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Why you can't trust a winking woman

Taking advantage of surging crowds who linger on in dark nooks on Juhu beach after Ganpati Visarjan, a gang of robbers is using a unique modus operandi to lure and loot infatuated men. Don't trust a flirtatious woman in a saree, is all we can say

If your plan for the day is to head to Juhu beach for a last dekko of the elephant God before he heads off into the sea on the final day of the annual Ganesh utsav today, watch out for a gang of cross-dressing robbers.


Juhu beach's lifeguards managed to nail five out of the 10-member gang
on Friday


While thefts at the beach tend to rise every year during Ganpati festivities, this year, members of the Juhu Lifeguards Association have unearthed a unique racket that's responsible for looting unsuspecting Ganpati revellers who hang around after completing the rituals, especially in the poorly-lit corners behind JW Marriot Hotel and Hotel Tulip Star.

"These incidents tend to occur between 11 pm and 3 am," says a lifeguard at the beach, on the condition of anonymity. Over the last few days, his colleagues have stumbled on at least 20 revellers lying on the beach, beaten or injured, while they were on patrol. Another lifeguard explains, "The men we find complain of being lured by a woman into a dark corner before a group of goons swoop in, beat them and rob them of their money and cellphones."

"It's two young men who dress up as women, wearing sarees, wigs and jewellery. They walk around in the crowd, winking, blowing kisses, and make overtures at young men who roam the beach. Soon, they lure these men to a secluded spot, where five to seven of their gang members land up. The gang then beats up their victims, alleging sexual harassment, and in the melee, robs them of their valuables," he adds.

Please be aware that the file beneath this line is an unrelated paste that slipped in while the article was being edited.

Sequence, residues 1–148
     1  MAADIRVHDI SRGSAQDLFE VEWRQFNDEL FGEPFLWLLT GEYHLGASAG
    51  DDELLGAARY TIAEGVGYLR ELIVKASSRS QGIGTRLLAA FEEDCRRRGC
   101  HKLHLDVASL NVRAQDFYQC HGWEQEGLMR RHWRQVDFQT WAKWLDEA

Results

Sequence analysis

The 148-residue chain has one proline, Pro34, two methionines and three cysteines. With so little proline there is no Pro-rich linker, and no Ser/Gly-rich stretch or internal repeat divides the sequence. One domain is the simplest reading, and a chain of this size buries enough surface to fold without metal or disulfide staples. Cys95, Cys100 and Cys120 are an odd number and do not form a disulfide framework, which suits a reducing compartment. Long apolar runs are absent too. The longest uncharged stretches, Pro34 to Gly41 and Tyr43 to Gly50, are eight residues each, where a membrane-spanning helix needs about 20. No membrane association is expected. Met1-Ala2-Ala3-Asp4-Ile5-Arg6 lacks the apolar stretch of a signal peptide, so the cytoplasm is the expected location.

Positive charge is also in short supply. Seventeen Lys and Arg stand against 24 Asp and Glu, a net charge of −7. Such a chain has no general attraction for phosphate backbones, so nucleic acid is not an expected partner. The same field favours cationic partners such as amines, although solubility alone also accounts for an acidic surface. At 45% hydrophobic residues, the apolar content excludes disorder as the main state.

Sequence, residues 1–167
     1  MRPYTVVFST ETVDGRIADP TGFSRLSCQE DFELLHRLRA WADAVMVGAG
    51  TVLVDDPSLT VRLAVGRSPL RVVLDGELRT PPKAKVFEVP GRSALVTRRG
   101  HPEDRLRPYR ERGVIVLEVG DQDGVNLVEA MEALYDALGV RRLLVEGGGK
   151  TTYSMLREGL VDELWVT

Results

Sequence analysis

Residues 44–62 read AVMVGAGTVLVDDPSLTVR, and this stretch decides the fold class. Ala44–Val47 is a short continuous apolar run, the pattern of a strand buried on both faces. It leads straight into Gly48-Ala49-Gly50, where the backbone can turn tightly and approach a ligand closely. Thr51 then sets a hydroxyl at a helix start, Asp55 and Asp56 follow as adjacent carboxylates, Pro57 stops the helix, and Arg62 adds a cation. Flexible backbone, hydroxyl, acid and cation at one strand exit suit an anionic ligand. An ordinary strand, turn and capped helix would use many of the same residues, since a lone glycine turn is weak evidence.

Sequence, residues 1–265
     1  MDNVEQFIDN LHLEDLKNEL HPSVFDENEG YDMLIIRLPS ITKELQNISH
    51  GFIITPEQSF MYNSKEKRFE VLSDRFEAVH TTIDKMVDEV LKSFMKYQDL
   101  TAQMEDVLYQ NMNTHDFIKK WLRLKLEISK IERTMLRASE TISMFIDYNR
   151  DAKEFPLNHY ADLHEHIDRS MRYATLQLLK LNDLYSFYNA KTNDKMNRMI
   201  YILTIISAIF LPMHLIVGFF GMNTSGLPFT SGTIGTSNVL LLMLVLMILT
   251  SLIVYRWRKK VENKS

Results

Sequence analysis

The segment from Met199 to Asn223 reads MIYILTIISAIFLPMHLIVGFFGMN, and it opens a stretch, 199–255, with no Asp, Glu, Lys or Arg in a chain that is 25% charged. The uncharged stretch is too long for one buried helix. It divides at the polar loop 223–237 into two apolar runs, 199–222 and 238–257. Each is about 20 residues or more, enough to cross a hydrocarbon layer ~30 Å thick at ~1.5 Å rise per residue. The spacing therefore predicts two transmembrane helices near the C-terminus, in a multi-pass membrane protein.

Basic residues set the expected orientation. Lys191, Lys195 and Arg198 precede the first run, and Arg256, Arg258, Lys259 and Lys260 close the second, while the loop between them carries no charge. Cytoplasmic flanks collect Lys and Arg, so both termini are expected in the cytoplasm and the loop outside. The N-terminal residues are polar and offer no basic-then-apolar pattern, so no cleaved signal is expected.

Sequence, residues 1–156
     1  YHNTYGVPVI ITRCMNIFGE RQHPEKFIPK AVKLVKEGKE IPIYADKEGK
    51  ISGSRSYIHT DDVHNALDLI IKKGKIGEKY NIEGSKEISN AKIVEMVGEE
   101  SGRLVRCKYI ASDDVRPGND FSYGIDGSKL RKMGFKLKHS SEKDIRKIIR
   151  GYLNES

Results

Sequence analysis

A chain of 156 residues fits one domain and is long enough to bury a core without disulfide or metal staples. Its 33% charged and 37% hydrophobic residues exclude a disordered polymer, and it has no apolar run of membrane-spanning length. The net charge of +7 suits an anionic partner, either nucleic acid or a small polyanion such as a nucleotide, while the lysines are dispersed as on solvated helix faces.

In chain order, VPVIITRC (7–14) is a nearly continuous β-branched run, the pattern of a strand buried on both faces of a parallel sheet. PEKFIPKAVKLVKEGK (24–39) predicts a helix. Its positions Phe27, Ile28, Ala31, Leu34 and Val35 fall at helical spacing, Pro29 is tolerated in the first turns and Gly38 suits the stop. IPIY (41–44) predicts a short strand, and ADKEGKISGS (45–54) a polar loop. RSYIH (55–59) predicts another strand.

After receiving a number of such complaints from revellers in the last few days, the Lifeguards Association was on high alert on Friday night, and managed to nab five out of the group of 10 who were up to their antics. Two lifeguards were patrolling the beach near Hotel Tulip Star around 11.45 pm, when they saw a man being beaten up. Suspecting that the incident was part of the robbery racket, they alerted 12 other lifeguards, who accompanied them as they rescued the victim and nabbed the culprits.

"We were able to catch only five. The others, who had the loot, got away. When we took them to the police station, they were issued a warning and let gone. But we managed to click pictures of them before we took them to the police station," says a lifeguard.

The lifeguards claim there are a number of gangs that operate in the dark portions behind the hotels along the Juhu Chowpatty stretch. T Kulkarni, a police official at Santacruz police station says, "Seven such cases have been registered. We are looking into the matter. The crowds are always a problem on the final day of Visarjan, but now, with news of this racket, vigil will be stepped up today."

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